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Keeping Track of Alzheimer’s Symptoms


If you are concerned about an aging loved one’s memory, you may have found yourself wondering if he or she has Alzheimer’s disease, dementia, or other behavioral symptoms of memory loss. You aren’t unwarranted in your fears. One in three seniors dies with Alzheimer’s or another form of dementia, and by 2050 an estimated 14 million Americans will live with Alzheimer’s according to the Alzheimer’s Association.

Discussing the possibility of Alzheimer’s and dementia with your loved one or facing it yourself can be difficult. Looping in your family doctor and your loved ones is an ideal starting point, whether you believe yourself or your loved one is the one afflicted. These conversations and ones like it can be difficult, and often it’s suggested to take notes on common behaviors corresponding to Alzheimer’s and dementia that you or your loved one may experience. Below are eight of the most common behaviors associated with Alzheimer’s and what they look like. You can use these as guidelines for the kind of information you should take note of, and may be useful in the future for discussing memory loss with your loved ones or doctor to start your formal diagnosis.

The Eight Alzheimer’s Behaviors

  1. Repeating Oneself – Have you noticed your loved one repeating the same stories over and over again or asking the same questions? Have they begun to declare the same thing repeatedly?
  2. Poor and Impaired Judgment – Have you noticed any situations in which your loved one has made a poor or rash decision? Any unusual behaviors or excessive spending? Has he or she shown a poor understanding of safety concerns?
  3. Difficulty Learning Something New – While it is common for the elderly to take a bit of time to learn new technologies, is your loved one taking too much time? Are they having trouble learning new simple tasks?
  4. Reduced Interest in Hobbies – Have you noticed that your parent or loved one no longer seems interested in the activities that he or she once loved? Any change in hobbies or leisure activities should be noted, especially if it is sudden and without reason.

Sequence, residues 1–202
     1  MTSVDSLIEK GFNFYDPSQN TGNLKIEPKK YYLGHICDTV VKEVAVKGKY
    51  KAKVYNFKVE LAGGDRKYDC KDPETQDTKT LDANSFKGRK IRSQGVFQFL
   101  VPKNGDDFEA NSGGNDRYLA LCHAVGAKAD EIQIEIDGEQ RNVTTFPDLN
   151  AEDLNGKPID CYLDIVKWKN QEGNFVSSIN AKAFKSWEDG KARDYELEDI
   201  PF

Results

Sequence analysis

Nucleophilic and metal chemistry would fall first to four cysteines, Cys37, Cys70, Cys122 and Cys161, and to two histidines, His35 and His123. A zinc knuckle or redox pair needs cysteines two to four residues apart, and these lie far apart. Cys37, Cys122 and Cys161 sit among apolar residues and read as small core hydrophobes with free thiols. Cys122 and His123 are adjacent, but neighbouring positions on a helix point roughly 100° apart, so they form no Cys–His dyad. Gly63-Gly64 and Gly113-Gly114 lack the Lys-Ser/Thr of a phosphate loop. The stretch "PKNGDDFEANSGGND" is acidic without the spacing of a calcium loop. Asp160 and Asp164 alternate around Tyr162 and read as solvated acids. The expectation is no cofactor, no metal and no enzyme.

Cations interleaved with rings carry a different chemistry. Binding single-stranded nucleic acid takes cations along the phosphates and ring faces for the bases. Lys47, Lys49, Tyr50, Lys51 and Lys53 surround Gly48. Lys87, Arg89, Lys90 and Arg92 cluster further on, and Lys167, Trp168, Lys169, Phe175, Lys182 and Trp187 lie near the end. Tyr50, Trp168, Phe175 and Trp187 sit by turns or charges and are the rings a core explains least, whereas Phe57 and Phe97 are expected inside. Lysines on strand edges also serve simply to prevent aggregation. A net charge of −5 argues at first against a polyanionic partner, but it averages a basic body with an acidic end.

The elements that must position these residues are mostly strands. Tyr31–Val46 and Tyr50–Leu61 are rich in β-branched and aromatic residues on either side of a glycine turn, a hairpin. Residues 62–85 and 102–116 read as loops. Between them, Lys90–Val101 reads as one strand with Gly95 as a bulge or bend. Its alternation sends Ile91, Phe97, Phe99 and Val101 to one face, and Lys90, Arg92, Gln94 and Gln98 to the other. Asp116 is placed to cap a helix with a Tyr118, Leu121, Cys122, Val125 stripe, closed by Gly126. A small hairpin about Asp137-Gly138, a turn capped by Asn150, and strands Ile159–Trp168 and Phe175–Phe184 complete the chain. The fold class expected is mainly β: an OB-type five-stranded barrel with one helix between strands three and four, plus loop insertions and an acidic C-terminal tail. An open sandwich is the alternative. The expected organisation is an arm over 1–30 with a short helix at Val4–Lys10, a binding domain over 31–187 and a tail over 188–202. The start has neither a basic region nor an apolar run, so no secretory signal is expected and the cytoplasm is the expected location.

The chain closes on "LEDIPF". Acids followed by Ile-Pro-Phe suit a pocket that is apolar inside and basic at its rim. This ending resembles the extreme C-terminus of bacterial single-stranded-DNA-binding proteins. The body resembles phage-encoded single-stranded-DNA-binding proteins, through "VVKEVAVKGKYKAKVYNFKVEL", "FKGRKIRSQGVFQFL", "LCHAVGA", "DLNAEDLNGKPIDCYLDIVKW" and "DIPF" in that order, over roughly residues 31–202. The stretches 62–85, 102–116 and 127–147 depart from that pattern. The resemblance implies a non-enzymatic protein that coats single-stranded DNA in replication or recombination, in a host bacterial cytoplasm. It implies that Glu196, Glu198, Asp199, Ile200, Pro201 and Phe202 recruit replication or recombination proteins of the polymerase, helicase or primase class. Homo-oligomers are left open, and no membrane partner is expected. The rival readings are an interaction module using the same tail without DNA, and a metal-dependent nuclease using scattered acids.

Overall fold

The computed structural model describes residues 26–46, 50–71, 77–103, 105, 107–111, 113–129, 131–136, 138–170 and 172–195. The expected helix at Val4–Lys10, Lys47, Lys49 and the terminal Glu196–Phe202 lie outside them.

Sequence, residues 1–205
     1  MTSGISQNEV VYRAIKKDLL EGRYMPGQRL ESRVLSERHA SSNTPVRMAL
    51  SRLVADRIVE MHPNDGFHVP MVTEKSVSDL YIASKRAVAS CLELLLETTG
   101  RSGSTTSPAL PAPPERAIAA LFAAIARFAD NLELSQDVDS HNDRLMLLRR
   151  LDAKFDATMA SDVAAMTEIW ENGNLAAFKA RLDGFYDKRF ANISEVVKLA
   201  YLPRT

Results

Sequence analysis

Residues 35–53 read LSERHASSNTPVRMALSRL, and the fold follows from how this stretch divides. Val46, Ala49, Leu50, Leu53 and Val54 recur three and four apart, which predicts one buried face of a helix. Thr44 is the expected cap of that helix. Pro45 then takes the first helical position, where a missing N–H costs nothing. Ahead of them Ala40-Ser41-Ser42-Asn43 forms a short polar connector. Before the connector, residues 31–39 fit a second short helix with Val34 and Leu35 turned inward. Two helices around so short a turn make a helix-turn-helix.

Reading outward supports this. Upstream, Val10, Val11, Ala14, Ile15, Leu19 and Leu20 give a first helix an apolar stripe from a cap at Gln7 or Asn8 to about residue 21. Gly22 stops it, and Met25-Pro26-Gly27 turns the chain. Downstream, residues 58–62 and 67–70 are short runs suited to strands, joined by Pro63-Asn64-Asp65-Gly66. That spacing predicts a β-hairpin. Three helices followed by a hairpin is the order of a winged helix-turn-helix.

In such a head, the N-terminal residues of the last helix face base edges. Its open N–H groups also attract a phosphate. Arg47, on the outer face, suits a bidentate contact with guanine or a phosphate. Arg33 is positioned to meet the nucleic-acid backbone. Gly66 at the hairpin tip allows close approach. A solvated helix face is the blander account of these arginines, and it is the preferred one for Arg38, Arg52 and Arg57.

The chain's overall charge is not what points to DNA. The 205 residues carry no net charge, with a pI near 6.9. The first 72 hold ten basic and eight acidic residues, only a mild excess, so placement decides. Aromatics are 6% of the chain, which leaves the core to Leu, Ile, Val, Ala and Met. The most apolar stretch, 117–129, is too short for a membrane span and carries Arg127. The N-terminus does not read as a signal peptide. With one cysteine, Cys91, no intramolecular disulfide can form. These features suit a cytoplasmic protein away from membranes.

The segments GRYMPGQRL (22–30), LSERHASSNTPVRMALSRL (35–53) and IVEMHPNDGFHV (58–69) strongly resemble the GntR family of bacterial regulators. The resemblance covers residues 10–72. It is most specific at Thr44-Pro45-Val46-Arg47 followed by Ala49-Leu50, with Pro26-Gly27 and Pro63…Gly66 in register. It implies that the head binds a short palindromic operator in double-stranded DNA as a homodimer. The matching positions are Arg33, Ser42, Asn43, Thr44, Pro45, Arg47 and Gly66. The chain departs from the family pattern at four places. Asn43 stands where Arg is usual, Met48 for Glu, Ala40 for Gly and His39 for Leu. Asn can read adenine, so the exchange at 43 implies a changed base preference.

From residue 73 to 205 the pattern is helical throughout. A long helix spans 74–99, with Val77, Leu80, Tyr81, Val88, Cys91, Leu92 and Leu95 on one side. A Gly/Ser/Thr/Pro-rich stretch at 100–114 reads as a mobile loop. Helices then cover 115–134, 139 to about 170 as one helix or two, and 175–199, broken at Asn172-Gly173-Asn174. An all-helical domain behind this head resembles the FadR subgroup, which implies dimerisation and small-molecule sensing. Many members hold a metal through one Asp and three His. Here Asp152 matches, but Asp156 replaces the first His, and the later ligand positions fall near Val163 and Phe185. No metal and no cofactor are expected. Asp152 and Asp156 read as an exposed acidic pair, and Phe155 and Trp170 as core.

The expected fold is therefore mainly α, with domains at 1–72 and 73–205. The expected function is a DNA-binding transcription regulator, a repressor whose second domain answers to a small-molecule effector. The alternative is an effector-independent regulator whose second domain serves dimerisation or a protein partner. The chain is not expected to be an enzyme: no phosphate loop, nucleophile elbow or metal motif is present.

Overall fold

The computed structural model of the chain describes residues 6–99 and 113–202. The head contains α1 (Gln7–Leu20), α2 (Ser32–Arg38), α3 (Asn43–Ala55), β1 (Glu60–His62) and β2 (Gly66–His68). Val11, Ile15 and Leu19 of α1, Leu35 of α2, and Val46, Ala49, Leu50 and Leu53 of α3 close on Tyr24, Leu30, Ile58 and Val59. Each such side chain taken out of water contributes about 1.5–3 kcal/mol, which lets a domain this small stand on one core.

5. Problems Managing Finances – If your loved one has problems managing expenses, bills, or taxes, it may be worth noting, especially if he or she was previously diligent in doing so.
  6. Forgetting the Date – Does your loved one have problems remembering the year, month, or day? If it happens frequently, it is worth taking note of.
  7. Problems Keeping Appointments and Commitments – Has your loved one missed appointments or forgotten events? Everyone forgets things every once in a while, but if it happens repeatedly, it is a good idea to document when it began and the frequency.
  8. Struggles with Thinking or Memory – It is normal for the elderly to have a memory lapse every once in a while, but if your loved one seems to have a problem every day, they could be suffering from a disease such as Alzheimer’s or dementia.

After you have taken note of your parent’s or loved one’s behavior, it is best to present this information to his or her doctor. There are many options available to help them, including our memory care facilities in Tampa. Contact us at (877) 480-2244 today for more information.

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